Q&A: Polina Osherov on St’artUp 317

Pattern Indy Editor-in-Chief Polina Osherov sat down with IBJ to talk about the third season of St’artUp 317, a program by the magazine and Indy Chamber that pairs underused first-floor commercial spaces in commercial corridors with artists, creators and producers looking for retail space during the month of May, when the city sees an influx of tourists in town for the Indianapolis 500.

Applications are being accepted through Feb. 10 and can be found online at startup317.com.

What is the goal of St’artUp 317?

The long-term goal is that those vacant spaces are filled with a really good tenant mix short term. We see it as a way of bringing some vitality and vibrancy to some dead spots, but also providing an opportunity to some of those small-business owners and artists, who can’t necessarily afford to be in those spots, to give them a chance to be there even if it’s just for a short while.

How did Pattern get involved?

Catherine [Esselman of Develop Indy] and I were brainstorming and just bemoaning the fact that there’s all this empty real estate—and on my end, because Pattern has spent a lot of time being homeless because we can’t afford [space]. It was just sort of like … what can we do to address the situation and kind of help the community, help the landlords, help the city?

Pop-ups are not a new thing by any means. So it just seemed worth a shot. This type of programming has done so well in other parts of the country and even the world. Why don’t we give it a shot and see what happens? Pattern has the community of artists, creatives and small-business owners.

Who should consider applying?

So obviously, apparel—that would be great. Soft goods and home goods. Especially in the downtown area, there’s a severe shortage of anything from, like, furniture to—I don’t know—baby clothes to mattresses, to lighting, anything along those lines.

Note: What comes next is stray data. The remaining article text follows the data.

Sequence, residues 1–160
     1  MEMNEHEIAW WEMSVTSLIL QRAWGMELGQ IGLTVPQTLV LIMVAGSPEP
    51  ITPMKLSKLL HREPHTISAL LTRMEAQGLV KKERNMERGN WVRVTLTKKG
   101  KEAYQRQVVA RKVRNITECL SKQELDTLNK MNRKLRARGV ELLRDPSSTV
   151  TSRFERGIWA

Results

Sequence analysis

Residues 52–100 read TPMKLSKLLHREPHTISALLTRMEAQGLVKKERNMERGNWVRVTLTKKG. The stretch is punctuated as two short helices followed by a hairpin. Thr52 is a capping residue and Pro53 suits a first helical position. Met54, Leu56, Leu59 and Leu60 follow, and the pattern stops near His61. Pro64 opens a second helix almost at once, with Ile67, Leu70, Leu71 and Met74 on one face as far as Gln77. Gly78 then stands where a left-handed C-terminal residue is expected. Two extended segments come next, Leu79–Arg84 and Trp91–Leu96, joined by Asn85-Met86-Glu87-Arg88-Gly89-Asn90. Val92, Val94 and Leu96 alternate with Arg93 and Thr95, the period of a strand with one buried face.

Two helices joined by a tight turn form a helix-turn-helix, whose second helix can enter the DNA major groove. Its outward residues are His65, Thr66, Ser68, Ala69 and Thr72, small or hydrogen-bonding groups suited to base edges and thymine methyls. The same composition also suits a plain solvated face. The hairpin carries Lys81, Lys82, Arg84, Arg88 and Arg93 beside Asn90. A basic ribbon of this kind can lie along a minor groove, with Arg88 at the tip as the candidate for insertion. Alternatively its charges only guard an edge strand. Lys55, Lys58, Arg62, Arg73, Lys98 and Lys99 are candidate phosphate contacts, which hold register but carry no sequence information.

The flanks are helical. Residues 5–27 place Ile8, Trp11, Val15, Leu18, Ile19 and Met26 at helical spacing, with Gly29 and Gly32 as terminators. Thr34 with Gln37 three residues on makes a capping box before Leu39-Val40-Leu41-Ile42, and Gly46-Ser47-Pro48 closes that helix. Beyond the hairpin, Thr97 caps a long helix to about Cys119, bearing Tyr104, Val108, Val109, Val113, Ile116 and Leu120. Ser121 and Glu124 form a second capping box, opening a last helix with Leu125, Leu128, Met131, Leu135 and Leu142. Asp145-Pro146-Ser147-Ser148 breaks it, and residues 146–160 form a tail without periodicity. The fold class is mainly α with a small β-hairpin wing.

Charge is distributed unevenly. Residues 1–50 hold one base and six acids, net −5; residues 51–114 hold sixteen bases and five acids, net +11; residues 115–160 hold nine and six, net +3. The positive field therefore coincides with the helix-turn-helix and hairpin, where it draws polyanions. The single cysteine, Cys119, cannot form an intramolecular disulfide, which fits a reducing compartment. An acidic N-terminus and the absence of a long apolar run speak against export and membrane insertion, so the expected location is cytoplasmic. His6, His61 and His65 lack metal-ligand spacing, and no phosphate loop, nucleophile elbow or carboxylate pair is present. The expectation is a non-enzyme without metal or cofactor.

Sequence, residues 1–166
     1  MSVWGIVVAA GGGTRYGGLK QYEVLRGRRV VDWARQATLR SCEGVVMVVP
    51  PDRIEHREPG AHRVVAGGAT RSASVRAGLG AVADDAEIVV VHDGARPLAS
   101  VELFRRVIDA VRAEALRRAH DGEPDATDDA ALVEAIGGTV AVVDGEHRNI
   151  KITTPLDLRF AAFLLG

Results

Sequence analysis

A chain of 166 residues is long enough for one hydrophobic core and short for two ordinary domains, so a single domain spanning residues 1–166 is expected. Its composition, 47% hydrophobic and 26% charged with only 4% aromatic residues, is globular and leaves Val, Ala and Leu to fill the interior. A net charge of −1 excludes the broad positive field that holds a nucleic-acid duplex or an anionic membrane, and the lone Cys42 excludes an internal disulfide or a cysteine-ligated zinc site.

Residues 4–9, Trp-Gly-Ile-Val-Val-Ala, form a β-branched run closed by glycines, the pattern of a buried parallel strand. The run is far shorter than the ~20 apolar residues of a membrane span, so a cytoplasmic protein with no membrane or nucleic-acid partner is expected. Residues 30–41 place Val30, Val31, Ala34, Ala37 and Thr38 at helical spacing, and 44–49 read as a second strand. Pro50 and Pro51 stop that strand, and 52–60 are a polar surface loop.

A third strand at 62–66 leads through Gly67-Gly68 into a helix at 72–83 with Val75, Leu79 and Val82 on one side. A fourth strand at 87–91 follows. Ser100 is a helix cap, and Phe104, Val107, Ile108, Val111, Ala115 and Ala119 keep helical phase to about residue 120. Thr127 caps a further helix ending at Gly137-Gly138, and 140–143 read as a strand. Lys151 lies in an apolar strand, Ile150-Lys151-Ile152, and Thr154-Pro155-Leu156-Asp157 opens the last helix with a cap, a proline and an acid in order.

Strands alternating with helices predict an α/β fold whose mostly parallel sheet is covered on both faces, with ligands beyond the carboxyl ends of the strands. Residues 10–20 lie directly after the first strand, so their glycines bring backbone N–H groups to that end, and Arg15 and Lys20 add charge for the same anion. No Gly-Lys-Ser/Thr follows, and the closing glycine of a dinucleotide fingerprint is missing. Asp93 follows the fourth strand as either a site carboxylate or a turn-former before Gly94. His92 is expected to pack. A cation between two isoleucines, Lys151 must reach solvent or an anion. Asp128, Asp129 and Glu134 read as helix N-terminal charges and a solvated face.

Because we do enjoy having art in some of those windows, obviously artists with pieces that are big and can be seen when people are driving by are a good contender. And then we’re not doing food that has to be cooked because of health department stuff. But anything that’s like pre-packaged oils, jellies … anything that’s, like, ready to go.

What do you think St’artUp 317 does for Indianapolis?

I think that, as a city, Indianapolis is still fighting to be that vibrant city culturally and economically. And this is one of the many things that could help with that.

Part of the strategy of St’artUp 317 goes beyond just a very basic month-long pop-up season in May. We are trying to come up with a strategy where Indianapolis is put on the map in other markets as a city for brands to come and move in here.

How many artists/organizations/businesses have applied in the past?

It’s pretty competitive. I think we already have 11 applicants. I expect, based on the last two seasons, that we’ll get at least 50 and maybe as many as 100. So there is definitely a pent-up demand—definitely a lot of people who are interested in the short-term real estate solution.•

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